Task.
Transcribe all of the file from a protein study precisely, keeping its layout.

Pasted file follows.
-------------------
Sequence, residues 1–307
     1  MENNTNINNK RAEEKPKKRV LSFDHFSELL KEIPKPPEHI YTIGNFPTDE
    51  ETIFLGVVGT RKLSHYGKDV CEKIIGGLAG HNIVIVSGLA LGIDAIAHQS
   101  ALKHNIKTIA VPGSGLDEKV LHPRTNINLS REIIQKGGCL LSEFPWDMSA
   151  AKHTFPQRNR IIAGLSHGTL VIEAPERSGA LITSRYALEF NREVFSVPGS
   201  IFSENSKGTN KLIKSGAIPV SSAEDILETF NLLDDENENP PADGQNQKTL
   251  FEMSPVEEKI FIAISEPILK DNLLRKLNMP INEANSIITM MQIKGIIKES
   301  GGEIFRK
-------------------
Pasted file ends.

Sequence, residues 1–307
     1  MENNTNINNK RAEEKPKKRV LSFDHFSELL KEIPKPPEHI YTIGNFPTDE
    51  ETIFLGVVGT RKLSHYGKDV CEKIIGGLAG HNIVIVSGLA LGIDAIAHQS
   101  ALKHNIKTIA VPGSGLDEKV LHPRTNINLS REIIQKGGCL LSEFPWDMSA
   151  AKHTFPQRNR IIAGLSHGTL VIEAPERSGA LITSRYALEF NREVFSVPGS
   201  IFSENSKGTN KLIKSGAIPV SSAEDILETF NLLDDENENP PADGQNQKTL
   251  FEMSPVEEKI FIAISEPILK DNLLRKLNMP INEANSIITM MQIKGIIKES
   301  GGEIFRK